For the past 50 years the basis of nutritional advice from the medical community has been “eat a low-fat diet”. During that time the obesity epidemic, the diabetes epidemic and growing concerns about a shortening in U.S. life expectancies has occurred. In addition, an increase in cardiovascular disease rates has occurred in 34-54 aged women and no further decrease in the rates for middle aged men.(1)
At some point it is prudent to say that if the desired effect of a policy is not occurring, the policy must be flawed. This is the case with the low-fat diet. The results have proven this concept highly flawed at great expense to our national health.
The idea of a low-fat diet as protection against cardiovascular and other chronic disease originated in the 1950’s based on some seriously flawed research by Ancel Keys, PhD. He examined the carbohydrate and fat ratios in relation to cardiovascular disease rates from “all of the research” published world wide up to that time. The infamous Seven Countries Study concluded that the analysis from the seven countries reported that higher fat consumption correlated with higher cardiovascular disease rates and began the unquestioned era of the low-fat diet as disease prevention.
Unfortunately, Key’s study did not come under independent analysis for the next 50 years. When it did, it was revealed that he had “cherry picked” the available research including only 7 of the 22, or less than 33%, of the available studies. Examination of Key’s data 50 years later found that the majority (66%) of the research he actually had available supported exactly the opposite of his conclusion. Keys was opening a health spa/retreat which was to be based on the low-fat diet and biased his study to support its concept.
Several studies throughout the late 1900s and early 2000s actually demonstrated that the low carbohydrate/higher healthy fat diet actually out-performed the low-fat diet, but these studies failed to change longstanding medical advice patterns. It however, has begun to soften very recently and perhaps a large, well done newer study will finally change this flawed advice.(2)
The study called PURE examined the relationship between dietary patterns and disease and mortality rates from 18 countries from 2003- 2013. Subjects were divided in to groups, according to the carbohydrate/fat ratios of their diets. The data showed that compared to those consuming the lowest carbohydrate/higher fat diets, each increase level of higher carbohydrate and lower fat consumption was associated with higher cardiovascular disease rates and increased total mortality rates. Compared to those consuming the lowest carbohydrate, those in the highest quintile had a striking 30.8 % increased risk of cardiovascular disease and a 75.6 % increased risk of total mortality.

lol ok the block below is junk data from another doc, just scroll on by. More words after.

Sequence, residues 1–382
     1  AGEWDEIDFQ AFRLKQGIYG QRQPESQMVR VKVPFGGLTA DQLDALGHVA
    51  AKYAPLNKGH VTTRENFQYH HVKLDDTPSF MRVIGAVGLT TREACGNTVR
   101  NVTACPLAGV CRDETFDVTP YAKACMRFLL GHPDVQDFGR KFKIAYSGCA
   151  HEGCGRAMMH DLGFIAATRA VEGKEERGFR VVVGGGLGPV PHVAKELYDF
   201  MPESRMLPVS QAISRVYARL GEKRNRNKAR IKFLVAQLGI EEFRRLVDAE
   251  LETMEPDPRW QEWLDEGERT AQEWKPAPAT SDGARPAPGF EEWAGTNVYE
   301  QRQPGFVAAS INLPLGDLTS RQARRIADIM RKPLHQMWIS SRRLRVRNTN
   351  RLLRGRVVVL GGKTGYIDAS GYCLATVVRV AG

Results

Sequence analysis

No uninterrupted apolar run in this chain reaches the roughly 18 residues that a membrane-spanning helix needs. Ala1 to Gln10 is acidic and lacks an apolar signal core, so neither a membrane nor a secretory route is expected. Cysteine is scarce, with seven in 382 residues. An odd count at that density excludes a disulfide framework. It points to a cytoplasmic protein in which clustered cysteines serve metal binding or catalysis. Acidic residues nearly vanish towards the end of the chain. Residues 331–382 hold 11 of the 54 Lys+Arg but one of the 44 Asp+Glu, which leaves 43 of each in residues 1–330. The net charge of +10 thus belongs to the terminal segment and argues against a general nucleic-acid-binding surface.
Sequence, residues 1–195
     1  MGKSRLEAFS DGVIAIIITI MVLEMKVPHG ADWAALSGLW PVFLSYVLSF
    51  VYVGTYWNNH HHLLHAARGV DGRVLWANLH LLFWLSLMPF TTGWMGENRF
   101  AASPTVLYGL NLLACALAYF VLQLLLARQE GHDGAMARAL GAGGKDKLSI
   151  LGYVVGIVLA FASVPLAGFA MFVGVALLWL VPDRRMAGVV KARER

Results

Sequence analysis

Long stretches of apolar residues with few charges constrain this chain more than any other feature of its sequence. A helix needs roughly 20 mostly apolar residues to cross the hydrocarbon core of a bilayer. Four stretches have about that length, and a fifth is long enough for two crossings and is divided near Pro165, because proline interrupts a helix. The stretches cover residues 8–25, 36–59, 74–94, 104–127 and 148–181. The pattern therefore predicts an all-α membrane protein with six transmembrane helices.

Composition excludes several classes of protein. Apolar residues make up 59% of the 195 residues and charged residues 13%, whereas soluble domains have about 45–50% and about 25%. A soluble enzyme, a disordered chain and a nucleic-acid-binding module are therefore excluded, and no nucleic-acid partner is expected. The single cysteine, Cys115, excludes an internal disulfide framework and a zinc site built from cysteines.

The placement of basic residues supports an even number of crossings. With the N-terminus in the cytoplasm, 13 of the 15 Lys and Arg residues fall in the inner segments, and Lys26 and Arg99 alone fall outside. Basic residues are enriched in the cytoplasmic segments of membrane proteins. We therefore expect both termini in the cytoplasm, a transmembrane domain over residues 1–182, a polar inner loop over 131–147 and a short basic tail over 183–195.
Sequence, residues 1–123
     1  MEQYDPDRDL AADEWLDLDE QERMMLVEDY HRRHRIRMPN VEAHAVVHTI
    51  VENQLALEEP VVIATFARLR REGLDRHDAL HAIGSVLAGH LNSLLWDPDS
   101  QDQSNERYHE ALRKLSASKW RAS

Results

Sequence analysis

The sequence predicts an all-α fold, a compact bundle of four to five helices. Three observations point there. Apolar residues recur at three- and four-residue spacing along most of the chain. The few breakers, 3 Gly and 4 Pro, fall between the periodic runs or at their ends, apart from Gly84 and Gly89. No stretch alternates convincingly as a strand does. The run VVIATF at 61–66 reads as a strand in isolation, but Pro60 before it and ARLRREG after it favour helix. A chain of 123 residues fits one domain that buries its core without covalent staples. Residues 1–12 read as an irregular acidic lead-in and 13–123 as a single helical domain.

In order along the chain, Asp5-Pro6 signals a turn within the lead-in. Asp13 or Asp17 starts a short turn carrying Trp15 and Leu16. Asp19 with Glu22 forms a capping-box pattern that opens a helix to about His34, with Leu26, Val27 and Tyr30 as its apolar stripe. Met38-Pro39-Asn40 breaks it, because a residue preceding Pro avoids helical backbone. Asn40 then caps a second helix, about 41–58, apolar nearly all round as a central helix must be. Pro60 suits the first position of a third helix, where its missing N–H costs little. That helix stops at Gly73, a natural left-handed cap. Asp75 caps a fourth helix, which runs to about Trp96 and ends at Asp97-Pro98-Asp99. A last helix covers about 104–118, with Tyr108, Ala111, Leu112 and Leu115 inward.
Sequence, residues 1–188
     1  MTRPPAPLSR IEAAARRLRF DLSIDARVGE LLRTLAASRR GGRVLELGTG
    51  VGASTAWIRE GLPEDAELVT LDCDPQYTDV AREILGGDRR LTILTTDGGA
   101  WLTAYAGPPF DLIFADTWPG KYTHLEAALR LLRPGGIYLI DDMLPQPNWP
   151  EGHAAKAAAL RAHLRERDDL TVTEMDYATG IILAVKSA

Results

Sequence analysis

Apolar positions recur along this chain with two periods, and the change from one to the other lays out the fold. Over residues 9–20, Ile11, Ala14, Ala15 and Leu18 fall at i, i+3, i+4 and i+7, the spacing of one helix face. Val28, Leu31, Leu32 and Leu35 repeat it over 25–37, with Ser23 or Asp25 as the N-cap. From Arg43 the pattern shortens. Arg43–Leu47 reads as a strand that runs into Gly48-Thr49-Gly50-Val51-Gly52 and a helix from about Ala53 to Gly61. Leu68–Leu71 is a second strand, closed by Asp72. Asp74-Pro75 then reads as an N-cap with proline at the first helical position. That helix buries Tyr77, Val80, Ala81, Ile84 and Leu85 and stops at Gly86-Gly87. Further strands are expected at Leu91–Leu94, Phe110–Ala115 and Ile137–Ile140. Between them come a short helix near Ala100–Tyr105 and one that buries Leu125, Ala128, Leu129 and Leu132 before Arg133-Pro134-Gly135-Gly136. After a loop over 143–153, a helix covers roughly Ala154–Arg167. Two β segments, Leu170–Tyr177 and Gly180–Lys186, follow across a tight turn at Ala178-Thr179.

The conclusions of the authors of this new study tell the whole story; “In conclusion, we found that a high carbohydrate intake was associated with an adverse impact on total mortality, whereas fats including saturated and unsaturated fatty acids were associated with lower risk of total mortality and stroke.”
“Low-fat” had to result in “high carbohydrate”. Humans had historically consumed only about 35-40% of their energy from carbohydrate. In the last 100 years this has ballooned to 55-60%, an almost doubling while our metabolic “wiring” has not changed. We have been trying to consume a diet that is incompatible with our physiology and the results been unfortunate. Change needs to occur.
Our blind faith that medical advances can outstrip the negative effects of human dietary behavior is proving wrong. Unquestionably, medical therapy does help delay the adverse effects of poor diet, but it does not prevent the eventual outcome. Good medical care can push back the complications of diabetes and overweight/obesity. This is tempered by the fact that the average age of onset of many diseases such as diabetes have plunged. While diabetes treatment may push back the development of complications of the disease by 15 years, the age of onset has dropped 16 years since 1970. That math affects mortality plain and simple.
The authors final conclusion says it all: “Global dietary guidelines should be reconsidered in light of the consistency of findings from the present study, with the conclusions from meta-analyses of other observational studies and the results of recent randomised controlled trials.” Low-fat/high carb was a grand experiment whose unfortunate outcome has cost a high price. Time to put the final nail in and move on.
- Ford, E. S. et al. Coronary Heart Disease Mortality Among Young Adults in the U.S. From 1980 Through 2002: Concealed Leveling of Mortality Rates .J Am Coll Cardiol 2007;50:2128-2132.
- Deghan et al. Associations of fats and carbohydrate intake with cardiovascular disease and mortality in 18 countries from five continents (PURE): a prospective cohort study. Lancet, 2017; 390: 2050–62.